Mpontshi David Modimoeng1953 – 2008As Numsa News went to print Mpontshi David Modimoeng, Hlanganani regional organiser, had just passed away after a short illness.

He had worked for Numsa for 25 years at the time he died. He was the first organiser of the Metal and Allied Workers Union (Mawu) in the Pretoria region together with Peter Dantjie.He joined Mawu in 1981 while working for Femco.

He was elected on to the liaison committee because the law did not recognise shop stewards' committees then. He was dismissed together with 180 other workers for going on strike.

During the time of his dismissal, Modimoeng was part of an organising campaign to organise workers into the union, especially Mawu in Brits. One of the first companies to join was B & S Engineering, a company that manufactured steel furniture. About 1000 workers joined.

These members were dismissed in 1982.Modimoeng bravely led the strike for over two years demanding their reinstatement. The company was forced to reinstate two years after a bitter struggle under conditions of repression.

This victory caused all metal-related companies to join Mawu, Naawu and other progressive trade unions. The struggle in the companies spilled over into communities especially Oukasie where it became the base for organising the whole region.

Modimoeng was also involved in the campaign to resist the removal of the Oukasie community to the nearby homeland.

As a leader of this campaign he became a target of the state security forces and other reactionary forcesKally Forrest who is writing a history of Numsa describes how "he returned home at midnight from a Bosch shopstewards report-back meeting.

Acutely conscious of four previous petrol bomb attacks on Brits Action Committee members, (he) placed a piece of corrugated iron across his front window. At 2pm on May 2 1986 a silent fist broke the window, removed the minimal protection and tossed a hand grenade through the window.

It killed his wife, Joyce, and badly injured Modimoeng.”This attack took place against the background of intensive struggles to demand union recognition, a living wage and better working conditions and community struggles against forced removals in Oukasie.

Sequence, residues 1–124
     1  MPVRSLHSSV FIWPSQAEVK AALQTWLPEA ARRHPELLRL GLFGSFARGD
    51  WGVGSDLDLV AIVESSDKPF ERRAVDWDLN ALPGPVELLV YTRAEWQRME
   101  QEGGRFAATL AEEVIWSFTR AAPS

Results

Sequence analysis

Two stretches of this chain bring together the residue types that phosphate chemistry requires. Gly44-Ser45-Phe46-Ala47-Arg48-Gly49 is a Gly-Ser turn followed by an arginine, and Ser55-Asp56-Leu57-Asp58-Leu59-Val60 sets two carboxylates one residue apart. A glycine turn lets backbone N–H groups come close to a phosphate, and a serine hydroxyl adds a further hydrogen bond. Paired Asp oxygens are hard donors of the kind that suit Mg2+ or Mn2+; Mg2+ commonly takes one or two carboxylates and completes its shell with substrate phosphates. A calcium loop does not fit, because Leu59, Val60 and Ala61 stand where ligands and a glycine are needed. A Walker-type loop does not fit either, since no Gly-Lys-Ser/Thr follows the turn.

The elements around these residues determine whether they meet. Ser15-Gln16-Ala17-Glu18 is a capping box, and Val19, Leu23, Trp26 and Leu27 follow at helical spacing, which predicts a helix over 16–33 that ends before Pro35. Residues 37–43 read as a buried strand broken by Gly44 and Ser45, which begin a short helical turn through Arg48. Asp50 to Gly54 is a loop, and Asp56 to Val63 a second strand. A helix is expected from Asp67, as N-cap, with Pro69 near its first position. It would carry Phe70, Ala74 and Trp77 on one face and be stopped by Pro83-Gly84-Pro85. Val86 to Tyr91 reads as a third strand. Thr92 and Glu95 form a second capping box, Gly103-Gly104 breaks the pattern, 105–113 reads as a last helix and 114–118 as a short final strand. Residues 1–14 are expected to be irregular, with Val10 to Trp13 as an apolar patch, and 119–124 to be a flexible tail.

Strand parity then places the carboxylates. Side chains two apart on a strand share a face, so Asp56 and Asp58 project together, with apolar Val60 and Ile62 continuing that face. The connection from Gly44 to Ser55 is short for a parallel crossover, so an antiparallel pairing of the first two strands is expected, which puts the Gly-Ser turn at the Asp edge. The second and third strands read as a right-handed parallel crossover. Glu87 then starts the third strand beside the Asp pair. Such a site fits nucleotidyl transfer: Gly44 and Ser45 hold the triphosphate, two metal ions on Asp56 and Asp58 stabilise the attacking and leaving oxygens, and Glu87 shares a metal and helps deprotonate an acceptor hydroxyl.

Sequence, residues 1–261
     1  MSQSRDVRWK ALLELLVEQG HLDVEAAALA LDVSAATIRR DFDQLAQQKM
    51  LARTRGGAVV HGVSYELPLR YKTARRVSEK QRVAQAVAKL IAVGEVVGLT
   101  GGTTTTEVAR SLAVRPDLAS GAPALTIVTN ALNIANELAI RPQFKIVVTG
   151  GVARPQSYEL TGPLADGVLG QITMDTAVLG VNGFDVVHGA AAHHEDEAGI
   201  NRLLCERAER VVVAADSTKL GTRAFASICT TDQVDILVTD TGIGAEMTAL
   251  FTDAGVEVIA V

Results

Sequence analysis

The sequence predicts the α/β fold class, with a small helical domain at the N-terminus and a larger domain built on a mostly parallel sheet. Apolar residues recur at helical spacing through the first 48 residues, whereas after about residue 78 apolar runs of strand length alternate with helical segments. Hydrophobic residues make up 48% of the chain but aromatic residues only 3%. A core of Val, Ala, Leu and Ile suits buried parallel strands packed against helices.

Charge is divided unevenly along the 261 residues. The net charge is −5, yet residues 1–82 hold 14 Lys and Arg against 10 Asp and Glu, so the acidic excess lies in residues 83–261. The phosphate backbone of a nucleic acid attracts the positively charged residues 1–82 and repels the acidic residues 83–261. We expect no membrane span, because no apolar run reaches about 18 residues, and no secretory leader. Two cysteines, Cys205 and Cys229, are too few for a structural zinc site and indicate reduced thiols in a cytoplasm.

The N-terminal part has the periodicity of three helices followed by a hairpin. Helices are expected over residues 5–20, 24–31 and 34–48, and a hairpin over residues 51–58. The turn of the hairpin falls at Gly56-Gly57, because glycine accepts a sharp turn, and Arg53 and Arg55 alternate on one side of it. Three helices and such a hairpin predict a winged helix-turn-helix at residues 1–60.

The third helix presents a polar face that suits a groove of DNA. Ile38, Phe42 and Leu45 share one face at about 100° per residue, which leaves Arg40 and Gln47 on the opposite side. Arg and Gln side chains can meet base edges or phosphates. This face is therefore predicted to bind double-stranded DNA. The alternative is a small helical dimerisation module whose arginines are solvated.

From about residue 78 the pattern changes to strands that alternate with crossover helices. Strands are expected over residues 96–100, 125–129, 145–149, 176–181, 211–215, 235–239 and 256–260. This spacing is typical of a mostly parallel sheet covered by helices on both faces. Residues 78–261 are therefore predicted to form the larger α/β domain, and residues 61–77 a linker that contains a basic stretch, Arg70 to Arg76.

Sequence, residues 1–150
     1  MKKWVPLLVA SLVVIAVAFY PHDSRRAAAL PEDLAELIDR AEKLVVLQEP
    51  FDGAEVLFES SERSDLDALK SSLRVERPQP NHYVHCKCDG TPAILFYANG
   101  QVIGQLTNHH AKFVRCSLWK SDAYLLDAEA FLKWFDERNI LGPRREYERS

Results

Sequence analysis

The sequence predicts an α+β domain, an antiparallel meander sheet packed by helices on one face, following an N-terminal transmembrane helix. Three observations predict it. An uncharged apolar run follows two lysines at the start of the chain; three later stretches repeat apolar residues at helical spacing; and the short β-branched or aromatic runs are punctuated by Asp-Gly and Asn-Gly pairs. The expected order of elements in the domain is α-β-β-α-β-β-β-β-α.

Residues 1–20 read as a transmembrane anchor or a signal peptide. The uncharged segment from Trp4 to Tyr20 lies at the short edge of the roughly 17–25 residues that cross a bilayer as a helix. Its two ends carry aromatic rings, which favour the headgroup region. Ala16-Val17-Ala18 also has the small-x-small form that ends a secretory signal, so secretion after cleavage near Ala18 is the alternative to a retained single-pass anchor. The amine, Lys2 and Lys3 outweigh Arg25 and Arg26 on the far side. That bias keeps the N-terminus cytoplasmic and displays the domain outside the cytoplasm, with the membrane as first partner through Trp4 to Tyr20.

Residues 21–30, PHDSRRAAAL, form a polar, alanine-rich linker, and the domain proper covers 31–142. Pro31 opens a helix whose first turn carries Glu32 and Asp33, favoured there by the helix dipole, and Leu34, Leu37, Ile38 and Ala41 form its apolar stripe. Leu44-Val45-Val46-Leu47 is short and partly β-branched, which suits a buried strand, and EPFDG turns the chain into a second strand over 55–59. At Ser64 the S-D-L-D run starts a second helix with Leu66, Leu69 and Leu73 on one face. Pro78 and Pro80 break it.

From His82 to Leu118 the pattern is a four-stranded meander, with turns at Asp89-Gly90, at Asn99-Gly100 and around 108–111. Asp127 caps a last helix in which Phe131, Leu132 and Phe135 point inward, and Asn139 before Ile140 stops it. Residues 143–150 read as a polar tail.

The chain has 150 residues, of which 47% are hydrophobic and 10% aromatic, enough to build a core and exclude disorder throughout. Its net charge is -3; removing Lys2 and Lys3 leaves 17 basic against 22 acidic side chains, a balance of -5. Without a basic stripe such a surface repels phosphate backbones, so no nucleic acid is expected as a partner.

This was a time of defiance campaigns, mass consumer boycotts and stayaways. Even after this bomb attack Modimoeng remained a Numsa organiser and went on to organise other companies like Auto Cables, Siemens, Aberdare, Iscor and many others.

At the time he passed on he was responsible for coordinating the Union's organising and collective bargaining campaign activities all over the region from Pretoria, Rustenburg, Musina, Polokwane and many faraway places.

He was dearly loved by our members, especially in our rural industrial areas.He will be sadly missed within the Numsa community as a hard-working, reliable, trustworthy and committed comrade.

We salute the selfless revolutionary who died in pursuit of the workers' struggle!Hlokoza Motau

Assmang shop steward killed in front of his wife!He woke up on the morning of August 28 2008 not knowing that his days were numbered.

Mxolisi Ngwane (38), a full time shop steward at Assmang Cato Ridge woke up, picked up his wife Vumile Shange who was working night shift at Assmang Manganese and drove back home.Ngwane was preparing to go to Cato Ridge Country Club where the Assmang Inquiry was due to take place.

The killer knocked at the door while Ngwane was in the toilet. He was invited into the house smoking a cigarette. Ngwane asked him why he was smoking in his house and how he could help him.

The unknown man pulled out his gun and shot him several times. He died in his wife’s arms. Ngwane had been an active member of the ANC, SACP and Cosatu.

He is survived by his wife, six children and his parents.May his soul rest in peace, we promise him we will continue where he left off.Bonga Ngwane 

Mxolisi Ngwane

Update – Hendler and HartWorkers back at work but dispute not resolved…In Numsa News No 3 we reported on a strike at Hendler and Hart in Boksburg.

Workers went on strike after temporary workers were transferred to a labour broker. Workers demanded that those workers be brought back under the primary employer.

However the company refused. Workers agreed to suspend the strike while a solution was found.The Metal and Engineering Industries Bargaining Council (MEIBC) mediator found that the bargaining council had no jurisdiction over the issue of the transfer of employees since the issue was covered by the LRA and not the collective agreement.“Conditions are still bad, we are not happy,” say workers. “We are just coming to work.

We are prepared to go back on strike if the matter is not resolved.”As Numsa News went to print, the employer had refused an offer of arbitration to resolve the dispute. Numsa was busy drawing up papers to submit to the Labour Court.

STOP PRESSFord wants to retrench more than 700 workers

As Numsa News went to press, Ford Motor Company had announced its plans to retrench 705 workers – 220 at its Port Elizabeth plant and 485 at its Pretoria plant.
This represents more than 20% of Ford's workers in South Africa.Jobs will go almost immediately in Port Elizabeth because the production of Rocam engines is coming to an end.Retrenchments will take place more gradually in Pretoria.


Numsa News